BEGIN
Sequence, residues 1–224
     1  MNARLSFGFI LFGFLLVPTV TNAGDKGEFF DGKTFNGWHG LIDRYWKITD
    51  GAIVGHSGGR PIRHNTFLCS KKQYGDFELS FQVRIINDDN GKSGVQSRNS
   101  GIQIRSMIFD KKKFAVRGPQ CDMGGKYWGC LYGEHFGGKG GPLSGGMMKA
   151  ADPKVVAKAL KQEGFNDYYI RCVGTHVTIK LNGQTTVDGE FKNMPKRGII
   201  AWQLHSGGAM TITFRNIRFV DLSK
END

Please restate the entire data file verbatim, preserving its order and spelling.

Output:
Sequence, residues 1–224
     1  MNARLSFGFI LFGFLLVPTV TNAGDKGEFF DGKTFNGWHG LIDRYWKITD
    51  GAIVGHSGGR PIRHNTFLCS KKQYGDFELS FQVRIINDDN GKSGVQSRNS
   101  GIQIRSMIFD KKKFAVRGPQ CDMGGKYWGC LYGEHFGGKG GPLSGGMMKA
   151  ADPKVVAKAL KQEGFNDYYI RCVGTHVTIK LNGQTTVDGE FKNMPKRGII
   201  AWQLHSGGAM TITFRNIRFV DLSK